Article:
FSD2824 Finnish Working Life Barometer 2011
The dataset is (B) available for research, teaching and study.
Study description in other languages
- No other files available
- Statistics Finland. Interview and Survey Services
- Ministry of Employment and the Economy
arrangement of working time, autonomy at work, discrimination, economic recession, employees, employment contracts, job characteristics, job satisfaction, job security, local bargaining, occupational training, personnel management, personnel policy, telework, wages, working conditions, workloads
The annual survey studied employee opinion on the quality of working life in Finland. Main themes were psychosocial working environment, job characteristics, pay systems, satisfaction with the job, employment security, training and development, capacity to work, and bullying and discrimination at work. The year 2011 survey contained new questions on teleworking, staff training and development, and how employers took into account the circumstances of employees in work arrangements.
First, the respondents were asked how many years they had worked for the employer they were working for at the time, type of contract, number of persons at the workplace, and what kind of changes there had been in staff numbers, working hours, contracts, and tasks during the past 12 months, and whether people had been transferred to other units. A number of questions pertained to co-operation negotiations, their process and results. Further questions covered team work, whether there had been conflicts at the workplace, between what groups and whether the conflicts had decreased or increased over the past 12 months. Incidents of bullying, harassment and violence were charted.
Next set of questions investigated the respondent's autonomy and influence at work and other job characteristics, overtime and its compensation, flexible working time arrangements, and R's membership in a trade union or professional association. Changes over the past year in workload, physical or mental stress, access to training etc. were explored as well as pay and bonus systems, and satisfaction with pay. Psychosocial working environment was charted with a number of questions, for instance, whether the relationships between the employees and supervisors/managers were open and confidential, whether trying new things was supported etc. One topic pertained to whether the respondents had presented any ideas to improve working conditions, products, services or working methods at the workplace and whether there had been other development initiatives. The respondents' participation in job-related training and development was investigated.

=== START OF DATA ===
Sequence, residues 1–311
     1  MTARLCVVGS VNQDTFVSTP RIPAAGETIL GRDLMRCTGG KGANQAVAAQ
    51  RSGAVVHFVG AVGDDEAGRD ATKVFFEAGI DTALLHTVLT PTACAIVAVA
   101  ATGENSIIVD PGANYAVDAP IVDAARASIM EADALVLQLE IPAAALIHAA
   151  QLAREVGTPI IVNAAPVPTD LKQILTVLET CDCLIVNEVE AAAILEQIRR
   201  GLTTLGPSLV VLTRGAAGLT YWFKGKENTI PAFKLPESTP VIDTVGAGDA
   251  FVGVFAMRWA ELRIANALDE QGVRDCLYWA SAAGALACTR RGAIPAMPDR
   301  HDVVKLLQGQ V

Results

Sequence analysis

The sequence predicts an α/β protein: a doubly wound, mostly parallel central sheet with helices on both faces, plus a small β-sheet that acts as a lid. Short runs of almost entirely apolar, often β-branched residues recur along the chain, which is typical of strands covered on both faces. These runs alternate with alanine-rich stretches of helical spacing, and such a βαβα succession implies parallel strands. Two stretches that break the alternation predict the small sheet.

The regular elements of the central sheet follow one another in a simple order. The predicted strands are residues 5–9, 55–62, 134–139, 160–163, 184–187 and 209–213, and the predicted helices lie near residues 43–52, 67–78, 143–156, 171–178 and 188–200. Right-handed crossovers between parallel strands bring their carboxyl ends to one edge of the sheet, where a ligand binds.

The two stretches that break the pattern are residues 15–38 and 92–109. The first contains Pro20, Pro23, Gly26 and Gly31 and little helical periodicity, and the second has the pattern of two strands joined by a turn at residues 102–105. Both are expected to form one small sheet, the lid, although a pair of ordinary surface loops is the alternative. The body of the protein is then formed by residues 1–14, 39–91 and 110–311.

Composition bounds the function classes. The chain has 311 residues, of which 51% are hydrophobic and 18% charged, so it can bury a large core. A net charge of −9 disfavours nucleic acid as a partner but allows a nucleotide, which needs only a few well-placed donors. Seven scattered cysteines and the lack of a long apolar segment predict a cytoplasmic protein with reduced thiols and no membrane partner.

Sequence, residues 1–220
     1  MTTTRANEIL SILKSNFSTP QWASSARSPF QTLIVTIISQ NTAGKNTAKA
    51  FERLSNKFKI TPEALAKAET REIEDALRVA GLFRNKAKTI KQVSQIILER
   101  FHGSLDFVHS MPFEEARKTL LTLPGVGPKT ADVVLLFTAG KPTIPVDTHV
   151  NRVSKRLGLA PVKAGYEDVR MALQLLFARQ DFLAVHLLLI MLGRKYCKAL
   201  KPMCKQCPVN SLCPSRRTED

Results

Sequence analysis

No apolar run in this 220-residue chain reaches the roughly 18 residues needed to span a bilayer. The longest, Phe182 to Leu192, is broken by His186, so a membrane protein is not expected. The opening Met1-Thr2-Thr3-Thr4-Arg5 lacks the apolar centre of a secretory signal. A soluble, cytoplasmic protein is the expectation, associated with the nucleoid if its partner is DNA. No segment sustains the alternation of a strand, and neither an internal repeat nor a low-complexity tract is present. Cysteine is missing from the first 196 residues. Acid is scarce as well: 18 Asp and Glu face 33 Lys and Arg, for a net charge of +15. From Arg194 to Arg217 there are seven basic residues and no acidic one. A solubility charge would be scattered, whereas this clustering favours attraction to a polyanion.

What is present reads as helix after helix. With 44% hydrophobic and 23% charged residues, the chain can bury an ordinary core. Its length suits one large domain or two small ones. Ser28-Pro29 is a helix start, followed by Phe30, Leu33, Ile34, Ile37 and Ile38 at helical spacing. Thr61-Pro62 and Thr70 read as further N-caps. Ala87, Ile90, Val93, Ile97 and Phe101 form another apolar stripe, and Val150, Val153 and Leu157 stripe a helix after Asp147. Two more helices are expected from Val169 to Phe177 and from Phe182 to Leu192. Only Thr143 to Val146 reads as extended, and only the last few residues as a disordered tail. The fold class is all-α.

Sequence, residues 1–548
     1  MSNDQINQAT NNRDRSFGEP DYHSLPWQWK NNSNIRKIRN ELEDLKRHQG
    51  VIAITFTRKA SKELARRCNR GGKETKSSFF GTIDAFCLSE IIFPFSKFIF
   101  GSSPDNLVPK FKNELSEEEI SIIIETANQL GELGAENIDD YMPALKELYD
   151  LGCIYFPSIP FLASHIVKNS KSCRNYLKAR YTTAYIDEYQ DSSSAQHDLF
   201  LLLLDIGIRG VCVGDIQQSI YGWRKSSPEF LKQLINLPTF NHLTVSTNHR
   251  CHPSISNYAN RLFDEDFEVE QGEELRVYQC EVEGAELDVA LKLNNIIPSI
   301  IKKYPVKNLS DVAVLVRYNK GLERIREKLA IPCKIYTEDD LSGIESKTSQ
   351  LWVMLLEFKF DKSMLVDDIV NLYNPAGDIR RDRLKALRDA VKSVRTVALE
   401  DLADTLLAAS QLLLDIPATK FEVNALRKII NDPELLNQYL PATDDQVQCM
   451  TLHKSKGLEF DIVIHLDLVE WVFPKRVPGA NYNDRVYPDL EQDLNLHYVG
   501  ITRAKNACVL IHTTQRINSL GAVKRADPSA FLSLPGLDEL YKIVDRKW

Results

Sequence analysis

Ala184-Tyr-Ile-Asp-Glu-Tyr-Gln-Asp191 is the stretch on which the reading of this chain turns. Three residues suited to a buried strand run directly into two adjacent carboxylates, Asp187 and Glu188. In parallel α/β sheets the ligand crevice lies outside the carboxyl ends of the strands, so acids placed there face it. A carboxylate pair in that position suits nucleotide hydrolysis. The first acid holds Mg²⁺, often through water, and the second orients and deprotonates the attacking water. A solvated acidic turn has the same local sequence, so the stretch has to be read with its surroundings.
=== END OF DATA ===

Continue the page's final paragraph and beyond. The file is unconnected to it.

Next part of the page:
One theme pertained to job satisfaction. The respondents were asked to what extent they agreed with a number of statements relating to staff sufficiency, organisation of work, access to information, physical and mental stress etc. They were asked how likely it was that they would be dismissed or laid off, or their tasks or working hours would be changed over the next year. Views were probed on the employer's financial situation, effects of the economic recession on the workplace, employment situation in Finland and possible changes in working life. A number of questions investigated how the employees' capacity to work and occupational health and safety had been taken into account at the workplace, the respondents' sickness absences, and estimate of own mental and physical capacity to work.
The next set of questions charted whether the employer took into account the respondent's life circumstances in the number of work tasks, flexibility of working time and career development. Relating to remote working, the respondents were asked how often they worked at home, their reasons for working at home (e.g. agreement with the employer), number of hours spent working at home in the previous four weeks, whether they worked somewhere else than their home and workplace, and whether they had been in contact with the workplace or clients (by using telecommunications) outside their regular hours in the previous four weeks. Discrimination at work based on ethnic group, age, gender and type of contract was explored.
Background variables included the respondent's year of birth, age, gender, region, type of municipality, education, economic activity, status in employment, industry of employment, occupational group, employer type, weekly working hours, and additional jobs. Information on age, gender, region, type of municipality and education level were obtained from registers. The other background variables were obtained from the Labour Force Survey 2011 telephone interviews which were often conducted together with the Finnish Working Life Barometer interview.
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